Thursday, 14 March 2013

Steel Framed Construction Economy

From the beginning structural steel framed construction proved to be the most economical support system for multi-stories high rise structures. But does this economy carry over into low-rise commercial and industrial facilities? The answer is yes. Up until about 1970. Cost studies found that low rise commercial structures such as office buildings, schools and department stores with superstructures of conventionally formed concrete were often as economical as steel framed construction. But in the early 1970’s rising labor cost made structural steel framing systems even more economical because they could be prefabricated in the shop and  then quickly erected by relatively by small field crews. By contrast, cast in place concrete superstructures required more labor. When comparing the two methods, it was common to find savings of $1.50 to $2.00 per square foot or  more by using structural steel.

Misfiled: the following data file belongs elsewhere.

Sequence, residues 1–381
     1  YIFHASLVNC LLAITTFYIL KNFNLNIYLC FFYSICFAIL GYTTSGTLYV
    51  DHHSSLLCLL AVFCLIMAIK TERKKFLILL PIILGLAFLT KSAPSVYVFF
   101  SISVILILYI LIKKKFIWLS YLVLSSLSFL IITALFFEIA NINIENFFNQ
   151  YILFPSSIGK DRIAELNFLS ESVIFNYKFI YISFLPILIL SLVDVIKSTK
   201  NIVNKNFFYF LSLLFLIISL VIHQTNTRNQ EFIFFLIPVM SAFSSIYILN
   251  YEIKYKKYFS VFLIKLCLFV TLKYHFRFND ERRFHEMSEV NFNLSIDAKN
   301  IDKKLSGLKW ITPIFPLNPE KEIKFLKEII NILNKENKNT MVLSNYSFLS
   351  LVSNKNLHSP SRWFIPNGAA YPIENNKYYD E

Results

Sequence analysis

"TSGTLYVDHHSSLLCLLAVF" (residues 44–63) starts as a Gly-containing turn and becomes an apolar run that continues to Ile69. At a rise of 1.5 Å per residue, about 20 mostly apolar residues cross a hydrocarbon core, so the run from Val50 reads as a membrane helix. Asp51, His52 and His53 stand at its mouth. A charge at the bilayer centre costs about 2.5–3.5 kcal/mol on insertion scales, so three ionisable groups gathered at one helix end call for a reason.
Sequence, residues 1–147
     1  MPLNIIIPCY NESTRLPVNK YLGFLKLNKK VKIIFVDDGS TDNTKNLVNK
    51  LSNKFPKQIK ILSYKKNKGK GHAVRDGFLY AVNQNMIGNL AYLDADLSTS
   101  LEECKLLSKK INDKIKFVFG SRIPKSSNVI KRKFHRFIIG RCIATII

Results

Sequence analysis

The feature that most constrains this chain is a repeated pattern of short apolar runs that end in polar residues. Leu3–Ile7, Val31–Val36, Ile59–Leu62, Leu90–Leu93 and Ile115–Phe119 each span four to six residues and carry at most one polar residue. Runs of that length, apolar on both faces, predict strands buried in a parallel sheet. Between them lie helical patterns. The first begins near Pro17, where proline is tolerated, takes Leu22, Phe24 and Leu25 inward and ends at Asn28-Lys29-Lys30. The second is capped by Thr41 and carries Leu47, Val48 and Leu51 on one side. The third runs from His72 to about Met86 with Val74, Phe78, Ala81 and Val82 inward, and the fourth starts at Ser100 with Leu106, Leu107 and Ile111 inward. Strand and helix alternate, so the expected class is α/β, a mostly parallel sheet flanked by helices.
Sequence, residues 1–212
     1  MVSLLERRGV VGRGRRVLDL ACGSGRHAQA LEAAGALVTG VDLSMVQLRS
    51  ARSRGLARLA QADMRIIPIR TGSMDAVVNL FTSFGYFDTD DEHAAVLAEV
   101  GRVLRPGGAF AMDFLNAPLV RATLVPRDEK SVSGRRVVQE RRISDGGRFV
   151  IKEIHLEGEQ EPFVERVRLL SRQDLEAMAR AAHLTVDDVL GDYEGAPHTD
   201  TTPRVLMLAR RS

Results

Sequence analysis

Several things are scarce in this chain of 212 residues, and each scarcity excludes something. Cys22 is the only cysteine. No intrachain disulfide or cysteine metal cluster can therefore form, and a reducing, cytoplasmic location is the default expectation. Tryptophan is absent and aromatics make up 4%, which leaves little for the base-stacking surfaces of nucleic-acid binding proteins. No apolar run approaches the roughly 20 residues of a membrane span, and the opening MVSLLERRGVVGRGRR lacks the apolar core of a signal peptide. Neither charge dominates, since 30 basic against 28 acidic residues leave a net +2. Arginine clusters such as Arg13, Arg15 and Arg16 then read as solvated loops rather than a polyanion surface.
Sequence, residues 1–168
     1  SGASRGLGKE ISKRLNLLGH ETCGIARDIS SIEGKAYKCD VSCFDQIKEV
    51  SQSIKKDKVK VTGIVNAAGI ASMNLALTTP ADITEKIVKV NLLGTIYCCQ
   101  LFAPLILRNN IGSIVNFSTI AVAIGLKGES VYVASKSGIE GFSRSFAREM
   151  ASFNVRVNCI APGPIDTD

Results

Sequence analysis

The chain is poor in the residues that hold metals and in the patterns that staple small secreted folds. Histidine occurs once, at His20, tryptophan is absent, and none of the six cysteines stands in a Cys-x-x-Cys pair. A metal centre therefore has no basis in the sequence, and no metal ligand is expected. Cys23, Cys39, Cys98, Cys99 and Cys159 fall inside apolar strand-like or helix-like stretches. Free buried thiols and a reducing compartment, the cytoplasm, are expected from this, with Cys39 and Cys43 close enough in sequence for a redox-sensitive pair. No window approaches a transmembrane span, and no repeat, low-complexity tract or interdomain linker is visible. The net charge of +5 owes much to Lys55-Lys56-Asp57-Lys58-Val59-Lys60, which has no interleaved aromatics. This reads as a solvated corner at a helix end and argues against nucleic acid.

Until the present, the structural steel framing system continues to be economical for virtually all types of commercial and industrial building structures. The three primary reasons are:
  1. The availability of higher strength steel such as A992 grade 50 steel, which has become the dominant material specification for wide-flange shapes (better know as w-shapes).
  2. Increased speed of production, made possible through a construction method called fast track scheduling.
  3. The lower cost of materials due to to the implementation of the design method known as load and resistance factor design (LRFD).

No comments:

Post a Comment